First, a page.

Do you want to frug and shake your wild, ratted-up hair all over the living room? Do you like to imagine that you’re a member of the original line-up of the B-52s on tour in a leopard print-decorated Airstream all over mid-60s France? Do you often wish that the Watiresses would re-form and record a a sequel to “I Know What Boys Like” for the new century? Are you a big sucker for sassed-up, bad-assed, it’s my party and these boots will walk all over you girly vocals and wailing brass sections? Yes? Yesss! Go forth and download. Thank me later. And I’ll thank Lee right now.

D12 (with Eminem) — “Purple Hills” / “Purple Pills” HAWD GANKSTUH RAPPHUS MC’S (WIT GATZ) — “Reptile Haus”

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D12 (with Eminem) — “Purple Hills” / “Purple Pills”

The first time I heard ‘Purple Hills’ (thank you again, MuchMusic), it was a silly little ditty that reminded me of old-school rap like ‘Rapper’s Delight’ — MCs goofing on rhymes and wordplay, not worrying about street life so much as just the beats and the microphone. But, yes, the aired song was bleeped repeatedly, so you don’t hear gunshots, or f-bombs, or the word that ends the line, ‘Young, dumb, and full of…’ — gee, I wonder? Perhaps the lack of cussing added to the air of light-hearted whimsy permeating the song. And even without the clown suit and cactus suit and the Joe-Boxer-wearing would-be Fat Boy coming onto midgets in the video, the lazy refrain of ‘and somethin’, somethin’, somethin”uh, I dunno’ always makes me happy. ‘I’ve been so many places, I’ve seen so many faces, but nothing compares to those blue & yellow purple hills.’ Country roads, take me home to the place I belong’

If only. The REAL version of the song, I soon learned, is actually called ‘Purple Pills’. Women wave your pantyhose, sing the chorus and it goes — ‘I take a couple uppers, I’ve downed a couple downers, but nothing compares to these blue & yellow purple pills.’ Damn it. Instead of getting in touch with their inner John Denvers, Em & his cronies are getting high on any two-bit chemical they can get their hand on, and the song goes up in smoke. I think the reason for the bleeps in the first version is to disguise the stupid shit the rappers are trying to flow with. Even the somethin’ somethin’, once oh-so-charming, loses its appeal in the midst of all the scorin’ & snortin’.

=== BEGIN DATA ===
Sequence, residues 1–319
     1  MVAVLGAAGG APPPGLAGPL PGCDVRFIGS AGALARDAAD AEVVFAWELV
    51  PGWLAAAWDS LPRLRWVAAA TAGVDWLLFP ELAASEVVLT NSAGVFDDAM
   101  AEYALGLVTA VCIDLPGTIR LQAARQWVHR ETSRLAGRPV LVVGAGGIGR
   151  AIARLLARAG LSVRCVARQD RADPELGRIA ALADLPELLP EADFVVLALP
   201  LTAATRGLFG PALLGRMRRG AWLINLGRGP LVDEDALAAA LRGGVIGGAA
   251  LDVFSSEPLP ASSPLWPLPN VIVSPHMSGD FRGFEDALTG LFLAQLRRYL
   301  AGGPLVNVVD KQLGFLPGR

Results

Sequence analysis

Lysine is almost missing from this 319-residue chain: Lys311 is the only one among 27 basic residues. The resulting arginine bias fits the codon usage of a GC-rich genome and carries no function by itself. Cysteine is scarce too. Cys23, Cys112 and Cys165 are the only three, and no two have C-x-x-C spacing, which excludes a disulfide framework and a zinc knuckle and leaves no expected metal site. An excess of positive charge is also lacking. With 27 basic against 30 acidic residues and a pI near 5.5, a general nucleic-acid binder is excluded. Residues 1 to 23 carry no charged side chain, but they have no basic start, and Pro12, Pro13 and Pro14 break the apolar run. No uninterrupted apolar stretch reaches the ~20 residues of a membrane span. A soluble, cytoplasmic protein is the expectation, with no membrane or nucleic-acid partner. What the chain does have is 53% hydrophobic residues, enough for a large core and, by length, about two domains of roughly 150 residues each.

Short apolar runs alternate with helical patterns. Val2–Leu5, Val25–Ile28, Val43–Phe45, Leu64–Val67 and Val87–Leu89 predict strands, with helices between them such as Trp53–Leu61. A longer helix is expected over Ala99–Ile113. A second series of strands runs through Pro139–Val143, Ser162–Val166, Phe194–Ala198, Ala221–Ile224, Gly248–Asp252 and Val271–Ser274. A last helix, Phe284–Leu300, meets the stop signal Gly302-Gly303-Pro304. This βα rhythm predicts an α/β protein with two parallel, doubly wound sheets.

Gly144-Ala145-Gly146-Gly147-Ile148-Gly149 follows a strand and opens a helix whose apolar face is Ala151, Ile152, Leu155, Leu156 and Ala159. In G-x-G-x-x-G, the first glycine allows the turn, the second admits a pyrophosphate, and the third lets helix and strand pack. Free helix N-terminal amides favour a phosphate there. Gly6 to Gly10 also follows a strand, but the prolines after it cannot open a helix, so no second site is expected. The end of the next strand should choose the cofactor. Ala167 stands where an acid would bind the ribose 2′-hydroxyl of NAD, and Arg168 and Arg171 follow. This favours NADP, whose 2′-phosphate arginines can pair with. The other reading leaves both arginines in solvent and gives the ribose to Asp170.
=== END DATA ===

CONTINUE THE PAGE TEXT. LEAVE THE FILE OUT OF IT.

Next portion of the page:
If you’re going to offend, do it with a wink and a smile. The first 20 seconds of ‘Reptile Haus’ feature enough shout-outs to ‘dookie’ and ‘doo-doo’ that it goes from stupid to silly to funny in no time. Dig, if you will, a picture of a Timbaland raised in a cabin in the Appalaichian Mountains, laying down the tracks for ‘Are You That Somebody?’ with the duck in place of the baby, and then dumping all the beats in a muddy puddle to make them Ol’ Dirty Bastard dirty. Atop that queasy beat, the 3 MCs that comprise Hawd Gankstuh Rapphus (Fly-Bot Van Damn, Guy Albino, Duke Crapmore) drop their peculiar type of knowledge — ‘The other day I went to the zoo, and what did they do? They put me in the reptile haus.’ I said a hip hop, the hippie, the hippie — well, the hippie probably got bit on the ass by these 3 freaks barking like hard-up dogs let loose in a mannequinn factory. But they definitely have the old-school flow down pat, even if the patois is a bit off-center. This wonderful little ditty is available on their Load Records release, entitled Wake Up and Smell the Piss. Such a lovely bouquet. Now this is the type of sunshine I’d like on my shoulders in the morning.